In response, the attorney for the Crosbys acknowledged that the building was "substantially complete." She also agreed with the trial court that the first TRO had expired; however, she still appeared to seek to have it dissolved. The Crosbys' attorney also "objected to" a trial on the merits, saying "we're entitled to an evidentiary hearing before there's--on a preliminary injunction before there's [an] ultimate trial on the merits." She pointed out that legal questions existed regarding whether the building was subject to the restrictive covenants.

          The trial court again asked whether the parties would agree to maintain the status quo until a trial on the merits could be held. The attorney for SLPOA agreed, stating that a TRO at that point was moot because the building had already been erected. The Crosbys' attorney, on the other hand, argued that if the trial court "were to issue any kind of order right now maintaining the status quo, it would be in violation of Rule 65, in that we are entitled to a hearing on a preliminary injunction." She also stated that the building was intended to be a pump house and the Crosbys intended to go forward on the installation of a water-filtration system.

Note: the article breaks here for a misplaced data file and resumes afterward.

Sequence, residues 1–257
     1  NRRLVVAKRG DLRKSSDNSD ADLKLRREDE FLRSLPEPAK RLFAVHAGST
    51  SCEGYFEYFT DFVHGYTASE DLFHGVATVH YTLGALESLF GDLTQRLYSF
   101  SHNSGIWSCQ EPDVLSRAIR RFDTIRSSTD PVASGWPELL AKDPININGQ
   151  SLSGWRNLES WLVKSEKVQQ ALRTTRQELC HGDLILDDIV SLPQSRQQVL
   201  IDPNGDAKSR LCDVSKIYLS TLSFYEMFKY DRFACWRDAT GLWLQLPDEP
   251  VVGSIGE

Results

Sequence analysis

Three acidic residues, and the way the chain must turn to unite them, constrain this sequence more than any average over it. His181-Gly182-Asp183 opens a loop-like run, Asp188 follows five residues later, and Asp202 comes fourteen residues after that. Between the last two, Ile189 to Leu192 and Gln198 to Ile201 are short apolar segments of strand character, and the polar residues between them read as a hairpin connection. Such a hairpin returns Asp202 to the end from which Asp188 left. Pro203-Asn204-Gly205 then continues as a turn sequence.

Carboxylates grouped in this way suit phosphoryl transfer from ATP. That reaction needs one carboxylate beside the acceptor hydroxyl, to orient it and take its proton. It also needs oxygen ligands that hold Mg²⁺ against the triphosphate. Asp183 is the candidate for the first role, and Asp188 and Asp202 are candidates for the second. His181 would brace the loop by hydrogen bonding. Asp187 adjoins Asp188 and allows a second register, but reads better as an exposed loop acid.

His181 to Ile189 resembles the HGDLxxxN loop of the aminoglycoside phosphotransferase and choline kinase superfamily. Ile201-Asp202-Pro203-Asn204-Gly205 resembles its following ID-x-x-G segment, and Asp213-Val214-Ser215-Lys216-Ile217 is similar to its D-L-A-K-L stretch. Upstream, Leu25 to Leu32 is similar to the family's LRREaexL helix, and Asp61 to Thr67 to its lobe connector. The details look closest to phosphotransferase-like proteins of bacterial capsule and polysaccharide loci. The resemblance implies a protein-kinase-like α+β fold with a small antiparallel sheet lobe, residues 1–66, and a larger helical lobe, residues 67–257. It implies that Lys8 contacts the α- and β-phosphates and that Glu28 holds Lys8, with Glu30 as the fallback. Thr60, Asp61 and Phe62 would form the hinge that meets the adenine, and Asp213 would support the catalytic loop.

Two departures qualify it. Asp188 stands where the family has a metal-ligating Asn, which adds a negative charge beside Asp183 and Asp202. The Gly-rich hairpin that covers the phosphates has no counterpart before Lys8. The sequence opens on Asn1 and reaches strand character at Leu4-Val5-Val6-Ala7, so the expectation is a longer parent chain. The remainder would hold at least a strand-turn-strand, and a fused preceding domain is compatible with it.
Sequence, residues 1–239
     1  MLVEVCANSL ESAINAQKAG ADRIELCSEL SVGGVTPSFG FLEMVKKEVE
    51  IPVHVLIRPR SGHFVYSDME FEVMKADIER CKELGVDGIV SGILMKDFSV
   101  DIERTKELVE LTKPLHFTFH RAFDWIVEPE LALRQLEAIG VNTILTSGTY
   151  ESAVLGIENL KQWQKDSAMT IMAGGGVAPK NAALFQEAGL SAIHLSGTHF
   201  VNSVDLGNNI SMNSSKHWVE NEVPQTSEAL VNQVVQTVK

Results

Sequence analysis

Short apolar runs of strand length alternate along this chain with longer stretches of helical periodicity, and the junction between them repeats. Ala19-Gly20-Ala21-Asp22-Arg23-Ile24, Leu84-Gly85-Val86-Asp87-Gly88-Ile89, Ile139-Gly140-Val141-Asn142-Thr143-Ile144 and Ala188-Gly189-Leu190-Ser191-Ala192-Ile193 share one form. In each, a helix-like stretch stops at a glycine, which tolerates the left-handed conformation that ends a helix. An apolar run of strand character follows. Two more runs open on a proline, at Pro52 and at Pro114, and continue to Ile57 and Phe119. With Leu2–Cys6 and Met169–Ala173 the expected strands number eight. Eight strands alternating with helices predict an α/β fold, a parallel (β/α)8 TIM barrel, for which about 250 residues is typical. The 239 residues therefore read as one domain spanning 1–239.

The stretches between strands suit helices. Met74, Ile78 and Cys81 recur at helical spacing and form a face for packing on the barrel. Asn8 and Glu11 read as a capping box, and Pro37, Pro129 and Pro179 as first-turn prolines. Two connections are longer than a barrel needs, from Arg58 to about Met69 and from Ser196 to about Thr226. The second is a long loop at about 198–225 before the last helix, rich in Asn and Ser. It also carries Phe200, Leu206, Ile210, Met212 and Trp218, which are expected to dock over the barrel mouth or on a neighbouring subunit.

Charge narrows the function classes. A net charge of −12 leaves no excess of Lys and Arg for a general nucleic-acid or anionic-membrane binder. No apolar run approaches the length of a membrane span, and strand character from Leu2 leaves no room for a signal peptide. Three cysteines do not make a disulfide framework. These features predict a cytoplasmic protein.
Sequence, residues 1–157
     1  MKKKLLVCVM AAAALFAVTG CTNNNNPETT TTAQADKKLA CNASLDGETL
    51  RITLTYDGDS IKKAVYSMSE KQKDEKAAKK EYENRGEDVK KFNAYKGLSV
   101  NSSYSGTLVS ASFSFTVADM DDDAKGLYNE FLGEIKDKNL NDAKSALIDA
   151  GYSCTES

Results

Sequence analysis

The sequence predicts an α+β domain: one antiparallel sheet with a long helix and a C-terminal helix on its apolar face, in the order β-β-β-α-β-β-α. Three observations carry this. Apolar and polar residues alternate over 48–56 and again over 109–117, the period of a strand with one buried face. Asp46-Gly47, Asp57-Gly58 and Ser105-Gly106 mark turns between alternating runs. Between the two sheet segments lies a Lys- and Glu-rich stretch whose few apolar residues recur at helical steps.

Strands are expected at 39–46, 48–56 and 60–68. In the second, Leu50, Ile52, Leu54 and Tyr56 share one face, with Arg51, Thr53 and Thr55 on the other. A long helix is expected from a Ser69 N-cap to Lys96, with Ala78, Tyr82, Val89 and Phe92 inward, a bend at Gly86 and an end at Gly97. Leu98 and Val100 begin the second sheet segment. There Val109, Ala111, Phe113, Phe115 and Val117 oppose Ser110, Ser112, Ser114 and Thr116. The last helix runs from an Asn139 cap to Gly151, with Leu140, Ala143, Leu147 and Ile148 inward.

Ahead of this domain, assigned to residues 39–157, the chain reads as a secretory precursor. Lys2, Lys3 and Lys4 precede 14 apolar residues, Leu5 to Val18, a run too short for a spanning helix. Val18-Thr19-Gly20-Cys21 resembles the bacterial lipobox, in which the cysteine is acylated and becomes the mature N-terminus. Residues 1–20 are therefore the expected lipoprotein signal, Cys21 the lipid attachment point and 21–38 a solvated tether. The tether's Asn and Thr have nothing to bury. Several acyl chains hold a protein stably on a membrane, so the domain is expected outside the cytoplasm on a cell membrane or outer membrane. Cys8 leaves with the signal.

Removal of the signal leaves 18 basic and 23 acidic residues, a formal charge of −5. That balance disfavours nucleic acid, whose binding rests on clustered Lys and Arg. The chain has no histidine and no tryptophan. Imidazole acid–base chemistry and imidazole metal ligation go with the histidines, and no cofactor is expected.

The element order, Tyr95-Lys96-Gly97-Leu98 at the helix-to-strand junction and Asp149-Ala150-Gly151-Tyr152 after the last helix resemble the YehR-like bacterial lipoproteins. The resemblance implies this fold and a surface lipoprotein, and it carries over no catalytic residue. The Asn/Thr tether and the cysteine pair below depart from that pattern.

The trial court told the parties that it would hold an additional hearing before the trial on the merits but that it had been trying to save them time. The trial court stated that, because the Crosbys intended to move forward with additional work on or in the building, SLPOA needed to respond to the Crosbys' motion to dissolve the first TRO. The trial court reiterated its position that it would like to maintain the status quo until a trial on the merits could resolve the matter.

          On September 27, 2017, SLPOA filed its response to the motion to dissolve the first TRO. SLPOA also moved the trial court for a preliminary injunction and filed a brief in support of a preliminary injunction. In its motion, SLPOA reincorporated the verified allegations it made in its complaint and in its application for the TRO, which included ...